Aquaponics: Farming the Good Way
Last week I blogged about the new Occupy Gardens movement and it seemed to strike a positive nerve with many people. I believe food production is the most important issue facing the human race so I’ll stay with this theme for another week and probably many more.
Our current industrial farming methods are atrocious; they’re wasteful and extremely destructive. I’ll explain more about the perils of our fossil fuel based agricultural system is future posts but today I want to draw attention to a new way to grow food called aquaponics.
What is aquaponics? It is a constructed ecosystem based on fish, plants and beneficial bacteria that harnesses nature’s propensity to balance growth (survival) with low consumption of resources (water, nutrients or energy…). Essentially, one life form benefits the next in a re-circulating system. Beneficial bacteria create a probiotic environment where fish waste (poop and ammonia) is converted into nitrite and then nitrate which is a usable form of natural fertilizer for plants. In turn, the plants remove the nitrate from the water to fuel their growth leaving clean water for the fish. Other than a little water, the only input is food for the fish. Since fish are cold-blooded, they waste no energy regulating their body temperature making them efficient consumers of food. On average, two pounds of food adds one pound of weight to a fish compared to 16 pounds of cattle feed to produce one pound of beef.
1) Up to 10 times more vegetables per given space. Plants are grown in a soil-less media and nutrient packed water is directly supplied to the roots. Plants can be densely grown because there’s no competition for food.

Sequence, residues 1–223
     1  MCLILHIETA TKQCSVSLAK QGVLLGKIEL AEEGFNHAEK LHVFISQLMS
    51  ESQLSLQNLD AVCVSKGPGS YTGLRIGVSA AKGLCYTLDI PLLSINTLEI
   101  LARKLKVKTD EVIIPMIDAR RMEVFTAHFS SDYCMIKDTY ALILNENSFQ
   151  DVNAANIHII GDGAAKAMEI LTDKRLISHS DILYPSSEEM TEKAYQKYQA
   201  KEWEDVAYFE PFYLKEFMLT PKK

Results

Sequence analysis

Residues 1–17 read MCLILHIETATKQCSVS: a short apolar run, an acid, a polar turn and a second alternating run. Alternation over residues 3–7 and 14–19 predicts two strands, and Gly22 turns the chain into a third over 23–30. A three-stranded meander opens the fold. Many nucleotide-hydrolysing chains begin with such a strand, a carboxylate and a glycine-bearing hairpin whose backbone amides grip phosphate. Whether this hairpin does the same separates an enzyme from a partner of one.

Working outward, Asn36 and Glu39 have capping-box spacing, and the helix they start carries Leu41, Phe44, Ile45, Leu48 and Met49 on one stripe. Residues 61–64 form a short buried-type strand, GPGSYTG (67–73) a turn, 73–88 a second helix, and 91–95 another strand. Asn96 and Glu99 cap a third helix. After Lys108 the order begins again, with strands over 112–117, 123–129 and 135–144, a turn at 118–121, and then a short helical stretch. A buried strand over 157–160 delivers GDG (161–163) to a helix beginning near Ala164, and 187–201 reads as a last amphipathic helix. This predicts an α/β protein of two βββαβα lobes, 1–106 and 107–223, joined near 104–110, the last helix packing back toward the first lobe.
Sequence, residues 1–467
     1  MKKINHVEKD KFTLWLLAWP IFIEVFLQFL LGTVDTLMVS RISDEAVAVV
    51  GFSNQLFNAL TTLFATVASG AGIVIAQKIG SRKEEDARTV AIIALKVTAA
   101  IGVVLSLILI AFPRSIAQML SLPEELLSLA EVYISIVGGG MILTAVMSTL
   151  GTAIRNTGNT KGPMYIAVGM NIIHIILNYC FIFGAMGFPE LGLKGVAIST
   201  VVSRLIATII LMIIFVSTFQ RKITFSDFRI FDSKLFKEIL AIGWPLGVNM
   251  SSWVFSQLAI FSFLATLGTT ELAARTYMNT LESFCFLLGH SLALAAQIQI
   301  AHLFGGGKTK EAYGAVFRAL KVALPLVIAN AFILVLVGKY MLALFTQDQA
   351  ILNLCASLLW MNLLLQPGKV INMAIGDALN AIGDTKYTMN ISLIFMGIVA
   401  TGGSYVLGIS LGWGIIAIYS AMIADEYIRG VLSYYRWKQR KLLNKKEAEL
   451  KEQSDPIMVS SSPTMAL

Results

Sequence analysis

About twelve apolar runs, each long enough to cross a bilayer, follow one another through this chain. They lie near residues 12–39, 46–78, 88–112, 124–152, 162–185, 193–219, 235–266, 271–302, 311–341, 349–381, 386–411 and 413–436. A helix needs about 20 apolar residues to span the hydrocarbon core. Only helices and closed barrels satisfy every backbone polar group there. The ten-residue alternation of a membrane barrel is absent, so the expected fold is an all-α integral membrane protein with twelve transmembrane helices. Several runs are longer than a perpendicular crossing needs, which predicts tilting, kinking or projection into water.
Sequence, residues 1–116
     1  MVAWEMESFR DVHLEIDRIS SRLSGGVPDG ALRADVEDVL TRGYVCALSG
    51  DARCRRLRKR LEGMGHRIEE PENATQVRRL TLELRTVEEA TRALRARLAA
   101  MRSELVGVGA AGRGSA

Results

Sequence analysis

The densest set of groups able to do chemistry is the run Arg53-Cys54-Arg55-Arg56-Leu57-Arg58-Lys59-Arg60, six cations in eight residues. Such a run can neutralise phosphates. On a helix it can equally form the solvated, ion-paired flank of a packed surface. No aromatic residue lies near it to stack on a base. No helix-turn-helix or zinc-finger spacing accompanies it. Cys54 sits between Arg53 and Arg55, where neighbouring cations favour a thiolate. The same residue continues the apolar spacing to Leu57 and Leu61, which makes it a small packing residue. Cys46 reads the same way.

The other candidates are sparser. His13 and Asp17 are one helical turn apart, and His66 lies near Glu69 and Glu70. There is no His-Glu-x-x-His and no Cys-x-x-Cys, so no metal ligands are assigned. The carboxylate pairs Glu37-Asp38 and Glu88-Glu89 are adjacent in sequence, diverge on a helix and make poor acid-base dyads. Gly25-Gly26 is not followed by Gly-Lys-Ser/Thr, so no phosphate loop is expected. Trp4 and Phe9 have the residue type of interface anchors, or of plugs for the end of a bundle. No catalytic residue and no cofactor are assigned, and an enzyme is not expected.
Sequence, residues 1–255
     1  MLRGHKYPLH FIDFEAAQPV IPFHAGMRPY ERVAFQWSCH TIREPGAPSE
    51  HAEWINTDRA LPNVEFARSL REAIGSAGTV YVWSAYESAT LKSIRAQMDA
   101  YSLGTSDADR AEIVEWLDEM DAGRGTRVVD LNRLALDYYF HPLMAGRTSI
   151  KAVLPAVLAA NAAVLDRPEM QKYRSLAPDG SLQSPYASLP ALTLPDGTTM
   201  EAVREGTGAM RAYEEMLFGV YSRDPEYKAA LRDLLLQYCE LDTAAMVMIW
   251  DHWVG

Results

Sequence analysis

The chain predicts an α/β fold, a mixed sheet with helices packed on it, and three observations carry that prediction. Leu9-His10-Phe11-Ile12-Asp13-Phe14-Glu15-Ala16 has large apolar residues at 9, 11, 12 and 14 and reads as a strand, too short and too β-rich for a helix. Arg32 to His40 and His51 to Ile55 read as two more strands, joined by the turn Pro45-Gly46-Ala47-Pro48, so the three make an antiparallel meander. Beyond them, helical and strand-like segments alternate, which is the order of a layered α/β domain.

2) Since nutrient packed water is supplied to the root system, the plants use their energy growing vegetation not spreading roots. The plants grow twice as fast.
3) There are no weeds since wanted plants are densely grown and there’s no soil to harbor unwanted weed seeds.
4) Since there is no soil, there’s no soil borne pests. No pests no pesticides.
5) Aquaponics uses 95% less water than conventional farming or gardening.
6) No daily watering is required since plants grow in a re-circulating water system.
7) Both plants and fish are grown creating two sources of food (meat protein and vegetables).
8) Overall, aquaponics uses 70% less energy than conventional farming.
9) It’s all organic, no fossil fuel based fertilizers or pesticides.
10) It can be replicated anywhere on Earth.
Is aquaponics really a viable form of farming? Will Allen’s three acre Growing Power farm located in the city of Milwaukee WI, produces one million pounds of food per year. Aquaponics is central to his urban operation and has been described as the most productive farm in the country.
Aquaponics, check it out. Demand it. Your grandkids will thank you.
Roger Ingalls is well traveled and has seen the good and bad of many foreign governments. He hopes his blogging will encourage readers to think more deeply about the American political system and its impact on US citizens and the international community.